"The entire community rallies behind the person to show their support," she said. "I've attended several funerals here (in the United States) where the whole community attends and, in Guatemala, the whole town waits for the body."
To help raise money for the services, Mrs. Esquivel's close friend, Guadalupe Castillón, went to several Spanish-language radio shows in the area, contacted local newspapers and placed boxes with Mr. Vasquez's picture in all the Latin American stores she could find.
"What I find is that, most of the time, the families will get together and take up a collection within the community to help pay to send someone back," Mr. Blevins said.
Consulates also offer financial assistance, usually between $1,000 and $1,500, but the funds are limited, Ms. Illescas said.
"We recommend that the families contact us directly before hiring a funeral home so we can direct them as to what to expect and offer them a list of funeral homes we've already work with and know the type of job they do," she said.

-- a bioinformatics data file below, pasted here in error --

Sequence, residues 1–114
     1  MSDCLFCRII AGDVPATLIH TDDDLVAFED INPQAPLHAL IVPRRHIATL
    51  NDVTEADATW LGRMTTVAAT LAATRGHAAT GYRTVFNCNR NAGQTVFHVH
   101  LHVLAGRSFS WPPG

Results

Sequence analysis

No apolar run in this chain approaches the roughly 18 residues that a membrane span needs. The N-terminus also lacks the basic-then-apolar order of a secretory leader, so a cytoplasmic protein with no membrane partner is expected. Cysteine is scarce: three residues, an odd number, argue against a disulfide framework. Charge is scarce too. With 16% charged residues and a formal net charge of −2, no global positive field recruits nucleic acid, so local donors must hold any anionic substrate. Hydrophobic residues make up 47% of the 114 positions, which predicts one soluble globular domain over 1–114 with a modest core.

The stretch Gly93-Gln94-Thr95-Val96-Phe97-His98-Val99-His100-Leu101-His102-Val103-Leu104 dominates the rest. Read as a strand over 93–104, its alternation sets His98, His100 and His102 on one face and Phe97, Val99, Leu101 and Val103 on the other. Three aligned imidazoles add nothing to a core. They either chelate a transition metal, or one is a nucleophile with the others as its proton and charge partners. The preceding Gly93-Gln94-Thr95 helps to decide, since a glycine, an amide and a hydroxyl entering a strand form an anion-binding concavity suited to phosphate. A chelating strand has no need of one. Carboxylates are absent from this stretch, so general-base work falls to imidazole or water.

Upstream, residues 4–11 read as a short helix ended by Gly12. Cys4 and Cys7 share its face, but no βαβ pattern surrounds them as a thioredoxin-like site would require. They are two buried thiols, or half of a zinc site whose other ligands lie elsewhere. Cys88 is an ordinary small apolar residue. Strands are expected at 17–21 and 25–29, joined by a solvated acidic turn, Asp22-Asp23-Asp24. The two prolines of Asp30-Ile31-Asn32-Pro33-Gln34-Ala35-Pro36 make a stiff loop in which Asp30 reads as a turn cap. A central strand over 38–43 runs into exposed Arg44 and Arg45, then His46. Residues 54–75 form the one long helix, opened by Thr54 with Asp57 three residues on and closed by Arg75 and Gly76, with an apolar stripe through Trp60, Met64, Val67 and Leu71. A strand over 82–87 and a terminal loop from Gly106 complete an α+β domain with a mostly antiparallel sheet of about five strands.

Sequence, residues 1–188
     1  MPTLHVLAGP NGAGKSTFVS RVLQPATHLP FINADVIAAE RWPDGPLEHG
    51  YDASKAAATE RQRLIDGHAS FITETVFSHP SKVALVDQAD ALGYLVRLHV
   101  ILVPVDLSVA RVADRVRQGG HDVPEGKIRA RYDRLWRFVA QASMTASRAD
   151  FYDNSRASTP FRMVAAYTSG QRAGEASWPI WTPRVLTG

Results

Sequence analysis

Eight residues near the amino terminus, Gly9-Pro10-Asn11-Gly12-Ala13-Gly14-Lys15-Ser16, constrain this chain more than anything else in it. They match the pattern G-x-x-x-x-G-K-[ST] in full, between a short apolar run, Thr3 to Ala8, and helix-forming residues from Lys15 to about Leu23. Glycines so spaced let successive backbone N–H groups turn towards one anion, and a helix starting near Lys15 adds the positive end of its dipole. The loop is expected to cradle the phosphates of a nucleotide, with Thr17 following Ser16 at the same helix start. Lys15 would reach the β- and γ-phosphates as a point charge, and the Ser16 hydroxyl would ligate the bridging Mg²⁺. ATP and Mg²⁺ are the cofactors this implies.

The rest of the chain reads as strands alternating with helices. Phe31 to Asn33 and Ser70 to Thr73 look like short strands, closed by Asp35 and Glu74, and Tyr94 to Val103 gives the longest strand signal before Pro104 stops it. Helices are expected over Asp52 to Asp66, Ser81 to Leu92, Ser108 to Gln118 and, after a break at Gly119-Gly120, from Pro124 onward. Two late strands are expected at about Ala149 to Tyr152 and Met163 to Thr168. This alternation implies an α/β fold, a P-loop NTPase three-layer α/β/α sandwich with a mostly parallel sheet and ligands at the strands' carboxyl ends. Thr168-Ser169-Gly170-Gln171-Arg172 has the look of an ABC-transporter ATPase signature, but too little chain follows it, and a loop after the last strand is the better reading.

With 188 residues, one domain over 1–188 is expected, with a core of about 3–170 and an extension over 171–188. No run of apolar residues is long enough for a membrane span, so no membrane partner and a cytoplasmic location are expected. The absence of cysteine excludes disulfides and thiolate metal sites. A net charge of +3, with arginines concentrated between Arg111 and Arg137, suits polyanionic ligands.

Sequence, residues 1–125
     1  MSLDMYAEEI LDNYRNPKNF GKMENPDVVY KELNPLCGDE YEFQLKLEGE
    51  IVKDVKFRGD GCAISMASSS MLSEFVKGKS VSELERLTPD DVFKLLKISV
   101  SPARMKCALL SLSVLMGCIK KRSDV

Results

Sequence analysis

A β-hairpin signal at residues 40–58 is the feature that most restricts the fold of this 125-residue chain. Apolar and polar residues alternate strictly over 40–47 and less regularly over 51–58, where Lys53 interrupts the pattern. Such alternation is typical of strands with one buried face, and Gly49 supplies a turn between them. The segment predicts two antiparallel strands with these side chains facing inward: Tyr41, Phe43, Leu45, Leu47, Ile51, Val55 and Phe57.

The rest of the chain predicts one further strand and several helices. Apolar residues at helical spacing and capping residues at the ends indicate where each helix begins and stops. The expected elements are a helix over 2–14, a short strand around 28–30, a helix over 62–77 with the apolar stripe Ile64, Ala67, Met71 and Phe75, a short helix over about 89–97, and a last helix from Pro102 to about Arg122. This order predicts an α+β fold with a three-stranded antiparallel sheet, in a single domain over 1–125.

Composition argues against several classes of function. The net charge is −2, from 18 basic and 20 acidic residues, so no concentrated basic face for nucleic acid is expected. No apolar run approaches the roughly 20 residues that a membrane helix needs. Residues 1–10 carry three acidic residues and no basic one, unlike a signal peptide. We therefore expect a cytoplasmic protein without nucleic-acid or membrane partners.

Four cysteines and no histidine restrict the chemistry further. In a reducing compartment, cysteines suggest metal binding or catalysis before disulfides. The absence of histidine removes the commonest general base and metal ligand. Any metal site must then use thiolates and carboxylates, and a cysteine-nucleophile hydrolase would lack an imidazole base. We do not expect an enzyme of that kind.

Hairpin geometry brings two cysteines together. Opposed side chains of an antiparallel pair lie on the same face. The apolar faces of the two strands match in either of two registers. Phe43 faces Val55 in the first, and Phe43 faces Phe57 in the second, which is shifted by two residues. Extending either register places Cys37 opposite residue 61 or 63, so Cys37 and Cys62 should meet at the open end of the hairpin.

So far this year, the Guatemalan Consulate in Atlanta has dealt with the repatriation of six bodies, according to consulate officials. There were no consulate breakdowns for previous years, but nationwide the number of repatriated bodies in 2009 was 279, consulate data shows.
The Mexican Consulate in Atlanta - which serves Tennessee, Georgia and Alabama - has processed 163 repatriations so far in 2010, according to consulate officials. In 2009, they had 299.
One reason for the smaller numbers of Guatemalans is the size of the population in the region. Latest census estimates show there about 285,000 Mexicans in Georgia and 75,000 in Tennessee, according to Mexican consulate personnel.
In contrast, there are about 150,000 Guatemalans in the four states covered by the Guatemalan Consulate in Atlanta, according to Ms. Illescas.
With her son now buried in Guatemala, Mrs. Esquivel visits a wooden cross she placed at the site of the accident - about five minutes from her home - that bears his name. She's left with a debt of about 10,000 Guatemalan quetzales, roughly $1,000, and questions about what exactly happened to her son.
"It's like I'm seeing through a blind person's eyes," she said through tears. "I can't see anything."